Fair play. Thanks for taking the time, always useful to learn something new.

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I have always just used 1.0 and almost never the f suffix when dealing with floats. Will this on modern compilers generate code that actually uses the 1.0 as a double and the casts it to a float to call the function? Or will it be cast to a float at "compile time"?

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The compiler will do the cast, and give you a warning (unless you have a low warning level). However at work we treat all warnings as errors, so if we never used the suffix we'd all be very unhappy campers.

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Quote:
 Original post by ZipsterThe compiler will do the cast, and give you a warning (unless you have a low warning level). However at work we treat all warnings as errors, so if we never used the suffix we'd all be very unhappy campers.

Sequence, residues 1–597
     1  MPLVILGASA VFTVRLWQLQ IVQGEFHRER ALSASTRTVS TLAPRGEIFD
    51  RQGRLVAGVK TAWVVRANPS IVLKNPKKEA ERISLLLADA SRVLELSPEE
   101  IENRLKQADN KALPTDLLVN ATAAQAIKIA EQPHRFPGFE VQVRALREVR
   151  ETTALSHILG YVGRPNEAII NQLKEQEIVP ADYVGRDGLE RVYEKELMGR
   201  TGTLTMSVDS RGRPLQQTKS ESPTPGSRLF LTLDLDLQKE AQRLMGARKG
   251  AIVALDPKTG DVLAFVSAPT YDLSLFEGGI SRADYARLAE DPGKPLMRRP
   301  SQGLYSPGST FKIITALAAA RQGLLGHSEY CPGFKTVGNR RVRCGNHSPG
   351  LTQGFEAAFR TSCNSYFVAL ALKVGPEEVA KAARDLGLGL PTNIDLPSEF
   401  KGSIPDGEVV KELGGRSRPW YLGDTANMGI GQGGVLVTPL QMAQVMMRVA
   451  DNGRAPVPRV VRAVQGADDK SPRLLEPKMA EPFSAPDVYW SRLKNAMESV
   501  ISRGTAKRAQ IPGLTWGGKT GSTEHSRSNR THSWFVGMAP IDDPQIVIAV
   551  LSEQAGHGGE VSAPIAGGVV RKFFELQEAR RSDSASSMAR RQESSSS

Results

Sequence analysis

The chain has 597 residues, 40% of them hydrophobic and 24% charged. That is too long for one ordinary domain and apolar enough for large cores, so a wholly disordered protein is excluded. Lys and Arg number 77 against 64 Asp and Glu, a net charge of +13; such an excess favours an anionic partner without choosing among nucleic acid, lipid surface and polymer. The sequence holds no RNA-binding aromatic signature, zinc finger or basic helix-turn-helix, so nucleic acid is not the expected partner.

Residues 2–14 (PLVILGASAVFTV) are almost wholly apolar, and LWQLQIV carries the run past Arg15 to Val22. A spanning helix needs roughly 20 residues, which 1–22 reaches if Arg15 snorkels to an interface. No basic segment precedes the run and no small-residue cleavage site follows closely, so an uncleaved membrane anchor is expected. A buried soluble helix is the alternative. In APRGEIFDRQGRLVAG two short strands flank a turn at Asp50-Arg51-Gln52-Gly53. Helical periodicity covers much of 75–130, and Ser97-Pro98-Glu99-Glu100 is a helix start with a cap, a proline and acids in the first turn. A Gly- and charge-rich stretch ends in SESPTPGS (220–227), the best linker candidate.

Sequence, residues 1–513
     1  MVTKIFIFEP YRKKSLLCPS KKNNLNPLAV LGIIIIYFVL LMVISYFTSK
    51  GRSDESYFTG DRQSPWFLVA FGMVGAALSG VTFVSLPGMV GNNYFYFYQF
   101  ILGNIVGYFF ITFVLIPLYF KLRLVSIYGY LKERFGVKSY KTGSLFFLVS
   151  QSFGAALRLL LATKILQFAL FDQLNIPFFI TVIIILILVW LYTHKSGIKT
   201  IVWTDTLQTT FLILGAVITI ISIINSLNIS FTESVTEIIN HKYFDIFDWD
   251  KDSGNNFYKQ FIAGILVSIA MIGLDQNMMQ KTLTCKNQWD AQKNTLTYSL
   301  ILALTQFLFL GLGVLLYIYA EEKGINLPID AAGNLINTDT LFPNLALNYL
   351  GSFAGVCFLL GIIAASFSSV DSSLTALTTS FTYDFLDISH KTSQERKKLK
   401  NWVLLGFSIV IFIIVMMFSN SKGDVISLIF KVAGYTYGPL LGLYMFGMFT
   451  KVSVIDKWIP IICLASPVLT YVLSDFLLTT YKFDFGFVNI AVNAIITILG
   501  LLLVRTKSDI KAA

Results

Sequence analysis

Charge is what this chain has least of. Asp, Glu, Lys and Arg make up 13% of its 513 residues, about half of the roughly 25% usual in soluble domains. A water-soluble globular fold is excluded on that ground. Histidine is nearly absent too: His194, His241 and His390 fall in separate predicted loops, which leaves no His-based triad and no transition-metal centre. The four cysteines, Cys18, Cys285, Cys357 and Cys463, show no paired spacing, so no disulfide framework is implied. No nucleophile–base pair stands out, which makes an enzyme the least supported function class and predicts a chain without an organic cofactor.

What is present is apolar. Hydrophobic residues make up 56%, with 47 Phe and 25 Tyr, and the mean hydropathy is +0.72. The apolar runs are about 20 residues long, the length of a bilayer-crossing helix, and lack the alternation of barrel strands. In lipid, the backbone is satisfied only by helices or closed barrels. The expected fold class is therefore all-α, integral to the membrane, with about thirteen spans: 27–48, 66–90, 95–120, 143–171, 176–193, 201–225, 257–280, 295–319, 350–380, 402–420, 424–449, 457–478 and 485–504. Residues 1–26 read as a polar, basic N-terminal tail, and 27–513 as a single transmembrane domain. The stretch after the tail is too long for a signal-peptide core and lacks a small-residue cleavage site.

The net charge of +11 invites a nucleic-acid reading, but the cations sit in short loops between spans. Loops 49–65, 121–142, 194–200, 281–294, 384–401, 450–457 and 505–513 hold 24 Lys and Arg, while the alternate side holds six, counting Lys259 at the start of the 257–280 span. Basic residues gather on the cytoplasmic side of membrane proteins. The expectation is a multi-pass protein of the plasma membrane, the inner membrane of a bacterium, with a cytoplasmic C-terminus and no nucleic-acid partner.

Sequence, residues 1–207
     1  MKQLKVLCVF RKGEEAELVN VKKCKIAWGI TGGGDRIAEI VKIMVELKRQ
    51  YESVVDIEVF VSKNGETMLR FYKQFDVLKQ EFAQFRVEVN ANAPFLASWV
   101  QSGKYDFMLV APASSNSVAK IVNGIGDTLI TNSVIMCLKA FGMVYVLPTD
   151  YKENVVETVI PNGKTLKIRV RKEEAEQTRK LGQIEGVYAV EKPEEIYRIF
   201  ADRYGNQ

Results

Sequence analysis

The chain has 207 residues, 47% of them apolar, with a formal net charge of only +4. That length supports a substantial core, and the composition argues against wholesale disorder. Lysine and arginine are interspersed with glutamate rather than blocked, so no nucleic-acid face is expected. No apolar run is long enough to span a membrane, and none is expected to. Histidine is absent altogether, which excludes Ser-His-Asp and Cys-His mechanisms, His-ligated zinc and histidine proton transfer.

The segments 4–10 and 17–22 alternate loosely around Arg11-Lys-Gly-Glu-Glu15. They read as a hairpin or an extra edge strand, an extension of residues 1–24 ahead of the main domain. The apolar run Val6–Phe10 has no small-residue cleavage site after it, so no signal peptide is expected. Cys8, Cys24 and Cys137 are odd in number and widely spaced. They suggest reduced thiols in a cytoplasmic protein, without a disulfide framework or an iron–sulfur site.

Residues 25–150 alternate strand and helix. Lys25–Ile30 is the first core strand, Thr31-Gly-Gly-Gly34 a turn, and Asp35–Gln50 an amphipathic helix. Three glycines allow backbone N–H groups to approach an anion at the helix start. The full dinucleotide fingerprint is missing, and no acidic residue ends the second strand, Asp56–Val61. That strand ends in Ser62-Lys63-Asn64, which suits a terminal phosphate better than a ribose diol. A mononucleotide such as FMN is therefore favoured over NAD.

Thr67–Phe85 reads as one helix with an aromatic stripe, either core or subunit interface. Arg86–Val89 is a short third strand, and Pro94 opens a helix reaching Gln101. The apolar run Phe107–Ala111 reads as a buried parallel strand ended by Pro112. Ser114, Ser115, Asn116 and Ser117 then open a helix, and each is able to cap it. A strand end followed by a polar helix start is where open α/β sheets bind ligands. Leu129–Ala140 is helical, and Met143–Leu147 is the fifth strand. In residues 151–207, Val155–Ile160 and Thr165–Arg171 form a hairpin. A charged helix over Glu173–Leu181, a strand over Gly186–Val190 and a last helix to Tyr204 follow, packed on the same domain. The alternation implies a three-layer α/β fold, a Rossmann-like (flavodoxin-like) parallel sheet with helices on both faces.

float test = 1.0;

Using -Wall.

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Quote:
Original post by lexs
Quote:
 Original post by ZipsterThe compiler will do the cast, and give you a warning (unless you have a low warning level). However at work we treat all warnings as errors, so if we never used the suffix we'd all be very unhappy campers.

float test = 1.0;
Using -Wall.

ditto

I've never seen these kinds of errors.

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Quote:
Original post by lexs
Quote:
 Original post by ZipsterThe compiler will do the cast, and give you a warning (unless you have a low warning level). However at work we treat all warnings as errors, so if we never used the suffix we'd all be very unhappy campers.

*** Source Snippet Removed ***
Using -Wall.

Well, that cast is perfectly fine because the value 1.0 is exactly representable in both float and double. Try something like this:
float a = 3.14159265358979323846;float b = 1.0 / 3.0;

The compiler should warn you about truncation from double to float, because double is of a higher precision than float.

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 Nevermind, I was way off [/edit]

[Edited by - MikeTacular on July 11, 2008 7:51:52 PM]

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Quote:
 Original post by MikeTacularActually, neither floats nor doubles can exactly represent 1.0.

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Quote:
Original post by Sc4Freak
Quote: